The First 90 Days
I find identifying our emotions in the moment can be a struggle, particularly for physicians. Medical training teaches us to tuck our emotions into our pockets. I often hear, “Who has time to deal with emotions when a patient is waiting for me or my next meeting starts in 3 minutes?” We compartmentalize. We suppress. We bury.
Emotional self-awareness is being able to label your emotions, connecting them to their source and using them as a valuable source of insight and information about yourself. For the scientists in the audience, emotions are data – your personal data. Being able to understand and express your personal data helps you to make better decisions, either quicker decisions or better decisions.
Our emotions are an essential source of information. When we listen to the gut-level instincts that bubble up from the inside in the moment, we gain insight to help us deal with the issue or challenge.
People who lack emotional self-awareness get irritated, frustrated, or angry easily, causing them to treat people in an abrasive way. They generally fail to pay attention to the messages their bodies (e.g. rapid pulse, sweaty palms, chronic headaches, neck or shoulder pain, or other signals) are telling them and don’t recognize the impact on their mind or their body.
Naming our emotions and connecting them specifically to a source or to a situation or issue is important because then we can recognize how our feelings affect our performance.
To boost your emotional self-awareness, get fluent in the language of emotions. Having an excellent emotional vocabulary and regular self-reflection is essential to becoming more conscious of our emotions. We cannot develop empathy for other people’s feelings until we understand our own! And we definitely can’t manage emotions we are not aware of!
Tip #1 – Build your emotional vocabulary.
Strategy #1 – Write down the emotions you feel by completing the following statements each day for 1 week:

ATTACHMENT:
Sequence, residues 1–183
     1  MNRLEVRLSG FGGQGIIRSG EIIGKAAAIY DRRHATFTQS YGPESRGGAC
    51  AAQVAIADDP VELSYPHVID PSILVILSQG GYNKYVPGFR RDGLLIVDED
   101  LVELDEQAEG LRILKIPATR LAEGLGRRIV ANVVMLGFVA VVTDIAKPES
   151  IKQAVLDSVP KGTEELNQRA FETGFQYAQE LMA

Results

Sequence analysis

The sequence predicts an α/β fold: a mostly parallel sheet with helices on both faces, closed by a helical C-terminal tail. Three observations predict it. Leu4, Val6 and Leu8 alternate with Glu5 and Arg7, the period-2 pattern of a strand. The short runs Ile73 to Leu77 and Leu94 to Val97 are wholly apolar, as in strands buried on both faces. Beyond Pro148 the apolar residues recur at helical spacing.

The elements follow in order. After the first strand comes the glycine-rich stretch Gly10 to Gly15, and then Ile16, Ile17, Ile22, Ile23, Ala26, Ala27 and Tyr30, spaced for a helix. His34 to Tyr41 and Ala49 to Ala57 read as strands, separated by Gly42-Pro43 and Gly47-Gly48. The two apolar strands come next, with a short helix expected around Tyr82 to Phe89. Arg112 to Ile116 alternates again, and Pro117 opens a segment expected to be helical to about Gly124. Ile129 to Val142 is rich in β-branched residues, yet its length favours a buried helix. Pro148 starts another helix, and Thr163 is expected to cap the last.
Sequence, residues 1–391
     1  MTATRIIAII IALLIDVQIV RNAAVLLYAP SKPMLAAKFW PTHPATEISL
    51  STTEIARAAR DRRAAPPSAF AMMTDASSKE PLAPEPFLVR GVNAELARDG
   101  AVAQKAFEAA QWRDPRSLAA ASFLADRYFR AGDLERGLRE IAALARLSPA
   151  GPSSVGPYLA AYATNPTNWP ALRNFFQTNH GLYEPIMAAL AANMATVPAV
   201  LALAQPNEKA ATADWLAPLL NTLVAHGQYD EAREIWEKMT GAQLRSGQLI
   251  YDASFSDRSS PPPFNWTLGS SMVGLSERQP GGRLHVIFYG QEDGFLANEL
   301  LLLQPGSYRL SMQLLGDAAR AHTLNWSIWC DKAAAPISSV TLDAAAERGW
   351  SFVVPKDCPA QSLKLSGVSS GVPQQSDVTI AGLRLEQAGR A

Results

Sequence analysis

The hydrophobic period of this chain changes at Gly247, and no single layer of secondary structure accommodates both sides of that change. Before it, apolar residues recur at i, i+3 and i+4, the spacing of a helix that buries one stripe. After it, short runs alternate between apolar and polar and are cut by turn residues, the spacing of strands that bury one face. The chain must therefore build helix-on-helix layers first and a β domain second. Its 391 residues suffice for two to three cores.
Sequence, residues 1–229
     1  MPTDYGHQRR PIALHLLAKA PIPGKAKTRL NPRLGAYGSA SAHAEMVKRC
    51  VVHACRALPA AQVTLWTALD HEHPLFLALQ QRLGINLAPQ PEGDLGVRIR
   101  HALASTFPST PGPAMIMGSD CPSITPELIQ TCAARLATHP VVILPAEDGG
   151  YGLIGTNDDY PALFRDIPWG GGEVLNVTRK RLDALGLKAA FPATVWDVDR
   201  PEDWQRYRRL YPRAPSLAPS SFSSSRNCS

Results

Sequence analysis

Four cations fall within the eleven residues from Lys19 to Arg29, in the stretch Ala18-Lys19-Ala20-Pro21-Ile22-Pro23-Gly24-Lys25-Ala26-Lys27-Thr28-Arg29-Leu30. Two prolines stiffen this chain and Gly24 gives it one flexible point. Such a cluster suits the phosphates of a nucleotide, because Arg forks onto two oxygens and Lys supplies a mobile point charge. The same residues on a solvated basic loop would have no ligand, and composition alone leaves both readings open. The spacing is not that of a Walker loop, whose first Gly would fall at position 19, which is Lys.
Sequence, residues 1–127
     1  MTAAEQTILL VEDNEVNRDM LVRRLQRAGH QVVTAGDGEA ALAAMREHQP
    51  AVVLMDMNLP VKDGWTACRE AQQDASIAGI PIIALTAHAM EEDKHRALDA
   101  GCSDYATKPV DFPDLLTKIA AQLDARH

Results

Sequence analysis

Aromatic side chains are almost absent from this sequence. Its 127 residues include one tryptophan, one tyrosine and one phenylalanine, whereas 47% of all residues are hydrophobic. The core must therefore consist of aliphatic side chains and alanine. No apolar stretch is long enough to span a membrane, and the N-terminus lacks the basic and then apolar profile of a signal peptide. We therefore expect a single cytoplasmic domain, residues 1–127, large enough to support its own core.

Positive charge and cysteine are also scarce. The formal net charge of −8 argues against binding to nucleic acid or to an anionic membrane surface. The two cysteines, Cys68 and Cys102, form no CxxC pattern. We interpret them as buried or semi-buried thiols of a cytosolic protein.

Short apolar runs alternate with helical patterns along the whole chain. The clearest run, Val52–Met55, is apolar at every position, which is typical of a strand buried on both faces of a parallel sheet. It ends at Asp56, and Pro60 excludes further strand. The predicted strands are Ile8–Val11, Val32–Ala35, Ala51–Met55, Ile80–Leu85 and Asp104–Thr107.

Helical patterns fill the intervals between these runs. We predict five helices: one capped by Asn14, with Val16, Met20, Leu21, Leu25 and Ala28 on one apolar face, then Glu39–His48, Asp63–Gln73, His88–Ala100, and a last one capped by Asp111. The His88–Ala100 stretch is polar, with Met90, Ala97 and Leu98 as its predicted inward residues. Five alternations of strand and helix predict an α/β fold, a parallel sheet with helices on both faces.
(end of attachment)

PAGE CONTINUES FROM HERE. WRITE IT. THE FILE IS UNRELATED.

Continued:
When I woke up this morning I was feeling _________ and _________.
When I arrived at work, I was feeling _________ and _________.
By mid-afternoon I was feeling _________ and _________.
When I left work, I was feeling _________ and _________.
As I was preparing for bed, I was feeling _________ and _________.
Listed below is a short list of emotions to help you fill in the blanks. There are many more emotions from which to choose and you can write in your own. (Additional resource: Robert Plutchik’s Wheel of Emotions.)
Remember: This first step is just to strengthen your emotional self-awareness. Don’t worry about WHY you have the feelings. And especially don’t worry about how to “make them go away” or “fix them”! Just notice them for now.
Please consult a qualified therapist or counselor if you find that you have persistent feelings of sadness, anger or thoughts that scare you.
Teresa Dean Malcolm, MD, FACOG, MBA, CPE, CPXP, is zealous in her belief that an exceptional experience in clinical care, the human(e) experience, is achievable through meaningful and authentic relationships with others. She has served in executive positions, integrating people with process and purpose, and successfully aligning the ideas of the team with a compelling vision. Her coaching philosophy, The Malcolm Method, is rooted in trust and supportive accountability. Through thought-provoking conversations, she strives to deepen the awareness of her physician clients and further their actions, thereby helping them to thrive as they lead. Dr. Malcolm (known to her friends and family as Terri) is a loving wife to her husband, Nate. Together they have three charming and athletic boys, Nathaniel, and twins, Roman and Colton.